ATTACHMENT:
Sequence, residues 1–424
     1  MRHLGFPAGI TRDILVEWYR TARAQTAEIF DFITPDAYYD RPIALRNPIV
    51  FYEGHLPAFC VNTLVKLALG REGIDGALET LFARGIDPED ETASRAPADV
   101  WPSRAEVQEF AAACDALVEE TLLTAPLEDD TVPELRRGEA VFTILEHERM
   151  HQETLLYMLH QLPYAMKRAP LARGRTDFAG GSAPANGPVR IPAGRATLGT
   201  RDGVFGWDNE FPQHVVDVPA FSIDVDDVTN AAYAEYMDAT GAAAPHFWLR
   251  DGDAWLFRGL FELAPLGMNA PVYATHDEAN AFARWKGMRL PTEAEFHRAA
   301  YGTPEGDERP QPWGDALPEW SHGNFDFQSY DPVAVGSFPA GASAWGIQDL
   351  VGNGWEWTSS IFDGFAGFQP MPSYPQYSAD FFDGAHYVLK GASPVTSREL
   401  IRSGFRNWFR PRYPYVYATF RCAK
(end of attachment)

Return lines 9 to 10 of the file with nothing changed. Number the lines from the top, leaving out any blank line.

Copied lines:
   351  VGNGWEWTSS IFDGFAGFQP MPSYPQYSAD FFDGAHYVLK GASPVTSREL
   401  IRSGFRNWFR PRYPYVYATF RCAK